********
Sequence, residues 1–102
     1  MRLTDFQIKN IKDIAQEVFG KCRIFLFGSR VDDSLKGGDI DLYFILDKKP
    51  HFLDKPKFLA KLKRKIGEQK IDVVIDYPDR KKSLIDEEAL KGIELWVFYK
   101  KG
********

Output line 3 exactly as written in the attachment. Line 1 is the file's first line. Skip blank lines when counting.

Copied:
    51  HFLDKPKFLA KLKRKIGEQK IDVVIDYPDR KKSLIDEEAL KGIELWVFYK